“Injuries of the schism are too deep. We are very different in our core, in our rites and spirit. We will never accept their rites and they will hardly return to the Old rite in the neatest future,” he said in his interview with Kommersant daily on Monday.
He characterized existing relations with the Moscow Patriarchate as peaceful co-existence and thanked authorities for equal attitude to the both Orthodox Churches.
The metropolitan also believes that good neighboring relations between the Old believers and the Moscow Patriarchate “help people to be kind to each other, live in peace, help society struggle against alcoholism, drug addiction, abortions.”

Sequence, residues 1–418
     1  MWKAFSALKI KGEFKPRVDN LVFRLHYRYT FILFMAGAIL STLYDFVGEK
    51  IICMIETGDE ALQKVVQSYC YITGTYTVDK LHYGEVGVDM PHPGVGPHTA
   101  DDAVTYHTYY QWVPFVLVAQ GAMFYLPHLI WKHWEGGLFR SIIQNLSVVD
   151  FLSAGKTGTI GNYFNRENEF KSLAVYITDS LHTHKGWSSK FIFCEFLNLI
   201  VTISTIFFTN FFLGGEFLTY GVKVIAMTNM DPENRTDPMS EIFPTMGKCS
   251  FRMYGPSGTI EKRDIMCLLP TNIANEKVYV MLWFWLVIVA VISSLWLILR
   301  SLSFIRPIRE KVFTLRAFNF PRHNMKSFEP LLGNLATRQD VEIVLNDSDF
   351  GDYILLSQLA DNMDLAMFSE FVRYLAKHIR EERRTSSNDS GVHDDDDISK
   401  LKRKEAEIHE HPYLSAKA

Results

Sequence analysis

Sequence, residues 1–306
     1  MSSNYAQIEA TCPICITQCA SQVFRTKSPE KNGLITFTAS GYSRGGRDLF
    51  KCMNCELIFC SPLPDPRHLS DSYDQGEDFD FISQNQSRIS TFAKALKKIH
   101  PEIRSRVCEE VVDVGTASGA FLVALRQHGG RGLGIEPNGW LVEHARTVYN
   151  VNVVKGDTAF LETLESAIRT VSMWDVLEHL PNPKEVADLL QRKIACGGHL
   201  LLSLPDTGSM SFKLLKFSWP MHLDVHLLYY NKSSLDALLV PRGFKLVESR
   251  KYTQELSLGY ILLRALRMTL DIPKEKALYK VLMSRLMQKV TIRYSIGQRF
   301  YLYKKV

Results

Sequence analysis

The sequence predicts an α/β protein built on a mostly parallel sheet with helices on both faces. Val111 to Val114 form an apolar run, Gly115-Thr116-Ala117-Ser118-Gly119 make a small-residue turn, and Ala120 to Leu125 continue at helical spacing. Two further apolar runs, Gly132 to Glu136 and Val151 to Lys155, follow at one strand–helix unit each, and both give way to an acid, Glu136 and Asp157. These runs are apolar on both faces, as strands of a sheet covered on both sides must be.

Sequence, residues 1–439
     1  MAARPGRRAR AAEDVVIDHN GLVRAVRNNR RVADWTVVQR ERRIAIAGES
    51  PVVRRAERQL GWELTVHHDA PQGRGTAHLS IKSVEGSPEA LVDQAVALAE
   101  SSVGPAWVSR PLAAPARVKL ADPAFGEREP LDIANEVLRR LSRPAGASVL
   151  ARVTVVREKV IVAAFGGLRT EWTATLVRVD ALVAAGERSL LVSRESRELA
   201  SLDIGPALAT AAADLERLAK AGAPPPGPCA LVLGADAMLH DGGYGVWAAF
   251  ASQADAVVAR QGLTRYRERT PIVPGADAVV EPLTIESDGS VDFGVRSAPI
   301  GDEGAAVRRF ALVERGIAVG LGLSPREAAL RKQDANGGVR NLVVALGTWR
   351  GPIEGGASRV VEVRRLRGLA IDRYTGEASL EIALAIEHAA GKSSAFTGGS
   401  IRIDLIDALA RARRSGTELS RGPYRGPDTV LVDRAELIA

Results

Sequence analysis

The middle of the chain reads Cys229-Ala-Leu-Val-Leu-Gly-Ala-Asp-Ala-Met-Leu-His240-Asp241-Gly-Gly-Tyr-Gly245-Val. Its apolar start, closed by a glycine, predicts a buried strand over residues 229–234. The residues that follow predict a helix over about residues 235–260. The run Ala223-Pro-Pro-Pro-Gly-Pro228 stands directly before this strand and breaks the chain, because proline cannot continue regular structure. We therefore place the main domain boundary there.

Russian President Vladimir Putin visited the Old believers’ spiritual center at the Rogozhskoye Cemetery on May 31 and the metropolitan called this event “historic”. “In the past we could not even imagine that tzars or general secretaries will visit our center in Moscow,” he said.
Old Believers are Russian Orthodox Christians who adhere to the service books and rituals of the Russian Orthodox Church prior to the reforms made by the Russian Orthodox Patriarch Nikon in 1653. Before the Russian Revolution in 1917 there were nearly 20 million Old Believers in the Russian Empire, but now after nearly a century of Communist persecution and simple secularization of Russian people, their number does not exceed two million.